Ground Zero Workers May Get Cancer Coverage, But the Health Disaster Remains
More than a decade after the Twin Towers came crashing down, the disaster still weighs heavily on the bodies of workers and survivors. A federal panel’s recent decision on cancers related to 9/11 could bring some long awaited relief, as well as new challenges for sick survivors of Ground Zero.
The panel’s analysis may open a channel for covering various forms of cancer through the healthcare fund of the federal Zadroga Act, which offers compensation for sicknesses resulting from the disaster. Though the multi-billion dollar fund won’t expand without further congressional action, the panel’s decision is a boost for survivors who had previously met resistance from lawmakers who were reluctant to include cancer care in the program, fearing the potential financial liability.
Joel Shufro, executive director of the New York Committee for Occupational Safety & Health called the decision a breakthrough. “It is the preliminary and necessary first step to including a whole range of people who are suffering from various types of cancer, and essentially opening the door to medical services and compensation,” he said. But he added, “There are number of unanswered questions that still remain,” including challenges people may face in applying for compensation, through a process constrained by the legislation’s five-year time frame and pending federal guidelines on the review process for health claims.
Since 9/11, emergency responders and other survivors have been plagued with health problems associated with dust and pollutants surrounding the “Ground Zero” site. Advocates say the health problems were aggravated by the government’s failure to provide protective gear and other safety measures following the disaster.
Much of the research so far has focused on more immediate impacts of toxic exposures, like respiratory ailments. Mount Sinai hospital researchers have found abnormally high rates of asthma attacks among responders, and city officials report elevated asthma risk for local residents and workers.
Scientific research on the cancer link is still emerging. One recent study of firefighters who worked in the disaster zone revealed escalated risk of developing cancer (the researchers tracked melanoma, leukemia and stomach cancers). Amid other mounting scientific and anecdotal evidence, the findings apparently spurred the political momentum for including cancer coverage in the fund.
Yet the cancer connection remains controversial. This week, some researchers challenged the panel’s findings in an AP report, arguing that evidence on cancer risk was still lacking. So even if the federal panel’s decision provides a channel for recompense, how would an individual worker who develops cancer years after 9/11 prove the toxic dust was to blame?
Many Ground Zero responders, however, see their own bodies as all the proof they need. For Reggie Hilaire, who was exposed to 9/11 debris as a police officer working at a local landfill, the cascade of health problems he’s suffered can’t attributed just to bad luck, reports the AP:
In 2005, at age 34, a lump showed up in his neck. He was diagnosed with thyroid cancer and successfully treated. Months later, he got more bad news: Doctors noticed he was anemic and investigated, leading to diagnosis of a second cancer — multiple myeloma, a blood cancer normally seen in the elderly….
Doctors don’t know what causes multiple myeloma, but say genetics plays a role and that it is more common in black men. Hilaire, who is black, is convinced that toxins at ground zero are to blame.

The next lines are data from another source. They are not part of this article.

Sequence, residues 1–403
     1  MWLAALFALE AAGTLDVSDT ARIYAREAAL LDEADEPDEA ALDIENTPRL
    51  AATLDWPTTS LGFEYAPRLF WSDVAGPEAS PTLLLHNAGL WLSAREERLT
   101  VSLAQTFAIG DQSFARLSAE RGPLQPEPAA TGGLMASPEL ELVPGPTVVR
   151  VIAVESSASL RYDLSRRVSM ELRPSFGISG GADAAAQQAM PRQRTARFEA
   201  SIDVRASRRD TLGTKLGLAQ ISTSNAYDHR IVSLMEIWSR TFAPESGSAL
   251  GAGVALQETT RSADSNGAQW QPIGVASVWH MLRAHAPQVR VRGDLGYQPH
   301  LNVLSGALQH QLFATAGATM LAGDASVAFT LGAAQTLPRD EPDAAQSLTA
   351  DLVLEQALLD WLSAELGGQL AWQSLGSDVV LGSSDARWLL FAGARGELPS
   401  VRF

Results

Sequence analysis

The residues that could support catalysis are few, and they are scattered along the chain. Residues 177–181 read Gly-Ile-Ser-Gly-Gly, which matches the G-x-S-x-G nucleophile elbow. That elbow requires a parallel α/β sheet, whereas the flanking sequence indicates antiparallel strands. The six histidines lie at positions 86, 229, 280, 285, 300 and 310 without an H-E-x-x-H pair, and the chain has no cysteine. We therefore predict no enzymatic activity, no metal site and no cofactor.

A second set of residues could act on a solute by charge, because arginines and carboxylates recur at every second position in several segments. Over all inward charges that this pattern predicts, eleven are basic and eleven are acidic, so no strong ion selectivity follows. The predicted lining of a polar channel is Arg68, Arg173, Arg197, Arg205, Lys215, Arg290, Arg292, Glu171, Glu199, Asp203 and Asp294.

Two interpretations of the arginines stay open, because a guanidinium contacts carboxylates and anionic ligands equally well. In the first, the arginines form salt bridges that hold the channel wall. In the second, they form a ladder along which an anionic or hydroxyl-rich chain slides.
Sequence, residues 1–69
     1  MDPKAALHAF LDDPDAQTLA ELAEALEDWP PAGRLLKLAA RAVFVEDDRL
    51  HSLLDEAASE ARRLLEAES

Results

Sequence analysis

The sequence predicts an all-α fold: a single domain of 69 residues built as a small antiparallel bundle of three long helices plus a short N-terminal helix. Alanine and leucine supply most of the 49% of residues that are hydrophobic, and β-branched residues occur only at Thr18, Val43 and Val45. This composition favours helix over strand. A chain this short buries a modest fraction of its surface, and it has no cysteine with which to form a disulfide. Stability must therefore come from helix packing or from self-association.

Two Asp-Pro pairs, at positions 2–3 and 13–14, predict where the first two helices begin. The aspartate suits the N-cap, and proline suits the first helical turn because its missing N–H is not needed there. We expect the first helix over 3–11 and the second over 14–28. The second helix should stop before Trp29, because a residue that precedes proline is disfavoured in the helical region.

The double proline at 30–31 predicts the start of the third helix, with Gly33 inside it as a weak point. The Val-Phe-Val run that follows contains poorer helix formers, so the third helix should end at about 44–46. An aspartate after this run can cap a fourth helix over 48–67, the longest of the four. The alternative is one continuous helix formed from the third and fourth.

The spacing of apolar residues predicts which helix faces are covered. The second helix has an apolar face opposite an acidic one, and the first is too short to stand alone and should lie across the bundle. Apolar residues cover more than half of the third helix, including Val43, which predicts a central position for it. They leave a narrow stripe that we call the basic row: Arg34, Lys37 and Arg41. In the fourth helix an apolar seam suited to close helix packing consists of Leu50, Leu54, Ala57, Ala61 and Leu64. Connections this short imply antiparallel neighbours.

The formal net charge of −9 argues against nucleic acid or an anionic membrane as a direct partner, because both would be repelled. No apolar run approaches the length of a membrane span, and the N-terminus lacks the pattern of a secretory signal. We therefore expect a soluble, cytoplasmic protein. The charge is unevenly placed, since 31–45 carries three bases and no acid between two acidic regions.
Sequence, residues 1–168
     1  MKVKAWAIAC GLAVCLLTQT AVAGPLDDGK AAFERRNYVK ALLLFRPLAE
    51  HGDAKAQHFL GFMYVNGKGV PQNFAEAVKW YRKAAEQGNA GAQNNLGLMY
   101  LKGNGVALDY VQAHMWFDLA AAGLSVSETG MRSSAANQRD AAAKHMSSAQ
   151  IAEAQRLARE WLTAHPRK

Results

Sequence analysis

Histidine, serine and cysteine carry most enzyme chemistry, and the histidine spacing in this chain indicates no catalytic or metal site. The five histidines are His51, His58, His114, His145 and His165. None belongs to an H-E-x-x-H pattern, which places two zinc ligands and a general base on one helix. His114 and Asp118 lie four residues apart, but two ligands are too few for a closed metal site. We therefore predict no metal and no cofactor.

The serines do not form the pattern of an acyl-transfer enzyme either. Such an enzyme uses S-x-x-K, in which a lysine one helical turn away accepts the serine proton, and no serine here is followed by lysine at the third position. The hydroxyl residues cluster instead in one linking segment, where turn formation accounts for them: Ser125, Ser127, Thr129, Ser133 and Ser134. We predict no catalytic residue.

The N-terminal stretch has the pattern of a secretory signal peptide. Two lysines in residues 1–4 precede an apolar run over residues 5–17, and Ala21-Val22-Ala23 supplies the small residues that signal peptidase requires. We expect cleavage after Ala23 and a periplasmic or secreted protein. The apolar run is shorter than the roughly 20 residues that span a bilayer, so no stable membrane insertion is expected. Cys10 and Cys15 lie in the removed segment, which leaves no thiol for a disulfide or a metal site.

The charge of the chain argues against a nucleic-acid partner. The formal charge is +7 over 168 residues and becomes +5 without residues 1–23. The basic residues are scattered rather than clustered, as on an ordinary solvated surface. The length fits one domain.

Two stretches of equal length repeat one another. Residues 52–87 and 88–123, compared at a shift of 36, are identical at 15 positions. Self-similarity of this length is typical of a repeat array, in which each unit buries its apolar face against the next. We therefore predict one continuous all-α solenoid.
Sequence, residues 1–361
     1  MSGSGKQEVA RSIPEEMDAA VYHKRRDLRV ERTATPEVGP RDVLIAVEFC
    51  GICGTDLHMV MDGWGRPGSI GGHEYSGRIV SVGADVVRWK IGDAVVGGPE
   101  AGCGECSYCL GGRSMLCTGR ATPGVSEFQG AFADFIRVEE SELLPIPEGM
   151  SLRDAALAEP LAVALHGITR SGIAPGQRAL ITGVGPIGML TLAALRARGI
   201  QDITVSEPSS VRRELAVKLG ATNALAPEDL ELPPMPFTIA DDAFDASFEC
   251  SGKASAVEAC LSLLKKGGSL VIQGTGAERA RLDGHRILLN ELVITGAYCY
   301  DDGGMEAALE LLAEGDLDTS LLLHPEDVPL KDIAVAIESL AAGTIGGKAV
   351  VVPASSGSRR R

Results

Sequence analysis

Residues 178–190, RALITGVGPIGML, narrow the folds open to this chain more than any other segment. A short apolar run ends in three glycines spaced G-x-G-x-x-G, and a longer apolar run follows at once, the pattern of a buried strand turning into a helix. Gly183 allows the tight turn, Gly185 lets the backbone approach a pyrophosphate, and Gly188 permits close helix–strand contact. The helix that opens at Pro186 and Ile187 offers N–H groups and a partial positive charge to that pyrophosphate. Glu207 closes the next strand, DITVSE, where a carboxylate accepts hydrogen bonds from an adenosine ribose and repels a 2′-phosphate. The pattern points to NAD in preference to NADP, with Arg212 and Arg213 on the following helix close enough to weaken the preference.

“I’ve had cancer twice since 9/11, and I’m 41 years old,” he said. “It would be some coincidence.”
According to the published summary of the panel’s findings, factoring in an elevated cancer risk for survivors might amount to millions more in medical costs. And there’s the rub: without additional money allotted by Congress, the program may prove woefully underfunded. There’s also the uncertainty surrounding the new healthcare reform legislation: the analysis anticipates that “Starting in 2014, continued implementation of the Affordable Care Act will result in increased access to health insurance and improved health care services.” But now those anticipated reforms could be upended by the upcoming Supreme Court ruling.
The Zadroga program is designed to “prorate” its rewards, and the rationing will likely become more severe if planned expansions in healthcare access evaporate for uninsured survivors. And there may be many sick 9/11 survivors who have not yet come forward; many undocumented immigrants who worked on post-disaster clean-up may continue to suffer underground, cut off from the mainstream medical system.
Historically, efforts to redress mass occupational injuries have been stymied by politics and litigation. In Libby, Montana, for example, victims of asbestos pollution from the W. R. Grace mining operation struggled for years through legal and political battles for medical compensation. Finally, about a decade after a group of miners brought a lawsuit, a court has approved a $43 million settlement for victims.
John Feal, a Ground Zero responder and one of the leading advocates for survivors, told ITT that the panel’s decision “shows us the federal government,, while slow to react, is [effective] when forced to. The lesson learned in my opinion, is that we never went away and continued to fight.”
The fight’s just getting started. Expanded medical coverage is a victory for labor and health advocates. But individual survivors will still have to navigate a complex claim process and undergo the medical scrutiny of bureaucrats. As time wears on, people who labored selflessly at Ground Zero will have to struggle to prove their case before a government that has for too long betrayed their trust.